Situated in an area of outstanding natural beauty on the shores
of the continually-warm Laccadive Sea in Kerala, south west India,
Alleppey is renowned for its network of canals, which prompted the
former Viceroy of India, Lord Curzon, to pronounce this historic
and charming town "the Venice of the East".
The flat and verdant lands around Alleppey, also known as
Alappuzha, are believed to have been inhabited since before the
first century AD and by the Middle Ages had established trading
links with Greece and Rome. The arrival of Portuguese colonists in
the late sixteenth century and Dutch colonists a century later
influenced cultural, religious, economic and political aspects of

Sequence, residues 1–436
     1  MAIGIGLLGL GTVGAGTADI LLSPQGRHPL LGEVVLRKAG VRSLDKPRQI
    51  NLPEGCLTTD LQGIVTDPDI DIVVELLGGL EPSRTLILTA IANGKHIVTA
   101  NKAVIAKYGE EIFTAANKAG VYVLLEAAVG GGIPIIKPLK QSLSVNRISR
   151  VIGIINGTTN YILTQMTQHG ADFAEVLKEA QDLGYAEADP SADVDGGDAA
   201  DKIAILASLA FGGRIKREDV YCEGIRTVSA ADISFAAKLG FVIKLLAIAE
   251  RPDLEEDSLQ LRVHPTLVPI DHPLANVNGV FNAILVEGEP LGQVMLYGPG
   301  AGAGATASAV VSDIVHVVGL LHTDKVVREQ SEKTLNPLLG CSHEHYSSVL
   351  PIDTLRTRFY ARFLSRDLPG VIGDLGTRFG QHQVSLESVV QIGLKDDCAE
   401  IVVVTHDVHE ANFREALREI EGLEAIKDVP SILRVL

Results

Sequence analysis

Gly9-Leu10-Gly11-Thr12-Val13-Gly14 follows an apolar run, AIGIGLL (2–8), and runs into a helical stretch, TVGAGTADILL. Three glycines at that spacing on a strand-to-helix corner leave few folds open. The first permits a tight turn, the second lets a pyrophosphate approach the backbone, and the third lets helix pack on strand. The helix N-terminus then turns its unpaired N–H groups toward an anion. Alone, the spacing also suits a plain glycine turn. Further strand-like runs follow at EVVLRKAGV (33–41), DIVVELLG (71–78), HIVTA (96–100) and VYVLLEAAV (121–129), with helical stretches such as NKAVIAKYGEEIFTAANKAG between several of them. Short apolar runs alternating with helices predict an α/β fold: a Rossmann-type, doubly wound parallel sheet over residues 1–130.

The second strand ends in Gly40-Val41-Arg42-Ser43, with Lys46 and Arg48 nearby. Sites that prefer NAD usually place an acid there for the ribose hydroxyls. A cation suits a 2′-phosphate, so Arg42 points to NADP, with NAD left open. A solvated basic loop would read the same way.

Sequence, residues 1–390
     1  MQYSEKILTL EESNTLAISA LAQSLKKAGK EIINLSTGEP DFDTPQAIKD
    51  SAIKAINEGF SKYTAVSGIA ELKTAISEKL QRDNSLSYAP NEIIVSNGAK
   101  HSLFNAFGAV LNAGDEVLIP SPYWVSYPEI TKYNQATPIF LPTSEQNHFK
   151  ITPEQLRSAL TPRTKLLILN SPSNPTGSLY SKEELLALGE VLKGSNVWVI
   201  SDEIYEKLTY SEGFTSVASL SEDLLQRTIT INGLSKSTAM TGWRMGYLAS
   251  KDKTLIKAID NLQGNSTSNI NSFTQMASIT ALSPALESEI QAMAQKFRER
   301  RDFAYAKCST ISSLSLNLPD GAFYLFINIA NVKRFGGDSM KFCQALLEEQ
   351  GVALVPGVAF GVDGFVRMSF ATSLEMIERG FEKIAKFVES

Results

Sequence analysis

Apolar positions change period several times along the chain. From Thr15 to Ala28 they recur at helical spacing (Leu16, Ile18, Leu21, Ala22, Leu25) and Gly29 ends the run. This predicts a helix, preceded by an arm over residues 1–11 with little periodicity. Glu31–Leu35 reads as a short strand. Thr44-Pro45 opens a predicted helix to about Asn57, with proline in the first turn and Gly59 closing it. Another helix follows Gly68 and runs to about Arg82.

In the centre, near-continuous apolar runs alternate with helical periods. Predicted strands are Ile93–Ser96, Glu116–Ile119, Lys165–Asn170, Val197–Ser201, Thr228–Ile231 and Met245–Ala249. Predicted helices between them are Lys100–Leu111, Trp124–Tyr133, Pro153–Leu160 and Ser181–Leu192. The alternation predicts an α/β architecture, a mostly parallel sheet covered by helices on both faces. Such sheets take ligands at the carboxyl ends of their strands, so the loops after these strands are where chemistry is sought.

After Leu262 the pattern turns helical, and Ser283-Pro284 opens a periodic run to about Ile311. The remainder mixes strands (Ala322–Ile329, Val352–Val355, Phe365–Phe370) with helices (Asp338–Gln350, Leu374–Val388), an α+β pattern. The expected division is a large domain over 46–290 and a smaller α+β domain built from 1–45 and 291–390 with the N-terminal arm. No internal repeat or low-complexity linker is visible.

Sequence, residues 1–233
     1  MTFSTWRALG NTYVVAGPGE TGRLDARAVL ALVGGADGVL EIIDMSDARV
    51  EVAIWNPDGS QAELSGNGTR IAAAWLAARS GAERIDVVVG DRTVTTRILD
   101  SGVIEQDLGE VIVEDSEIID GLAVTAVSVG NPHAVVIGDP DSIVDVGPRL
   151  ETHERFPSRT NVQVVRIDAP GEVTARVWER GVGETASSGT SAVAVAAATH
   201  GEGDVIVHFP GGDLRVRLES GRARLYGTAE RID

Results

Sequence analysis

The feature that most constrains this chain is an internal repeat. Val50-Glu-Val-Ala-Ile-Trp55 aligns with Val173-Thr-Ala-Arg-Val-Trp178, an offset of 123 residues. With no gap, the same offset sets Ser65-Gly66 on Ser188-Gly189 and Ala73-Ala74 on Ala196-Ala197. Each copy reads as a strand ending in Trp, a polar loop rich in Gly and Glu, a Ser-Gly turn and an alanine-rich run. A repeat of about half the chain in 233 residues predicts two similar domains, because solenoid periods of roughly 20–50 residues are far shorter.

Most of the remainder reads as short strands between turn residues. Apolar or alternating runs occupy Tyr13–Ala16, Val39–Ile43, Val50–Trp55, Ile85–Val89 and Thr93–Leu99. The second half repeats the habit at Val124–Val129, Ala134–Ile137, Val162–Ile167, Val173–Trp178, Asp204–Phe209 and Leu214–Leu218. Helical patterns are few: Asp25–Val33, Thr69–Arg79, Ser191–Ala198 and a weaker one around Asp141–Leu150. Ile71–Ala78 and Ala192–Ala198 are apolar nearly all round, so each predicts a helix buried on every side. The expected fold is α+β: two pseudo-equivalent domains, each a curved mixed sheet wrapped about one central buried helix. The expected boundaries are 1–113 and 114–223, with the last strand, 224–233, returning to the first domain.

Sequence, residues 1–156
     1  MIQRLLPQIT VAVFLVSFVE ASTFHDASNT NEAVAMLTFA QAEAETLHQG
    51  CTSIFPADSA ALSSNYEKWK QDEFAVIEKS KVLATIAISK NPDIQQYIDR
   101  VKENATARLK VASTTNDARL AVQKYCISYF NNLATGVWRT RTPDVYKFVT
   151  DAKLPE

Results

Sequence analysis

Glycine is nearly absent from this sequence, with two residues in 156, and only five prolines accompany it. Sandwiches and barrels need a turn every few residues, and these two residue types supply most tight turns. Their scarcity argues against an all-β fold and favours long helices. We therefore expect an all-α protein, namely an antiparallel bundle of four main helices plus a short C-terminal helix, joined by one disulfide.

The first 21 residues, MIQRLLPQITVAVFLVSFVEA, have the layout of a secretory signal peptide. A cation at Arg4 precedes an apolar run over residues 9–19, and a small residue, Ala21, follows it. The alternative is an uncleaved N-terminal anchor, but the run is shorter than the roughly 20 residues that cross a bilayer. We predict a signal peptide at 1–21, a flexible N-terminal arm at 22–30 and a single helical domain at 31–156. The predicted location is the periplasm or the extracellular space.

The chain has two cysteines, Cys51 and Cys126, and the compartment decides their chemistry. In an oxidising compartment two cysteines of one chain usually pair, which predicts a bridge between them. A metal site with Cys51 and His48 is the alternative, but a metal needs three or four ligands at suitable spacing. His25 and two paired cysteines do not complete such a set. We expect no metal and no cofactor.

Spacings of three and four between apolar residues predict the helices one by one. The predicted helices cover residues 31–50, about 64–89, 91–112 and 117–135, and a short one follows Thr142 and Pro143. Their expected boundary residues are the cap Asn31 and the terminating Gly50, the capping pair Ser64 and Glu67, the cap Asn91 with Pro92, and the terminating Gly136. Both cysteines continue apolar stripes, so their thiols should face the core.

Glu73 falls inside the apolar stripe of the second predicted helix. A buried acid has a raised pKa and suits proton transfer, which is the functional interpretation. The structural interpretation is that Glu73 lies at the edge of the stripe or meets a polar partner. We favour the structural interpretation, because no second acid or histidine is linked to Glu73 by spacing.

the town, whilst in the nineteenth and twentieth centuries
Alleppey's already diverse cultural and historic heritage was
further enriched under the rule of the British Empire.
The legacy of successive colonists is evident in Alleppey's
abundance of religious buildings which include ancient many ancient
Hindu temples and Christian and Catholic churches which include the
stunningly-decorated St Mary's Forane Church, consecrated in
A popular way to appreciate the scenic Alleppey and its
surrounding countryside is to travel the town's temple-lined canals
and serenely beautiful backwaters by boat. For ultimate relaxation,
however, little can beat reclining on one of Alleppey's pristine,
coconut-palm fringed beaches.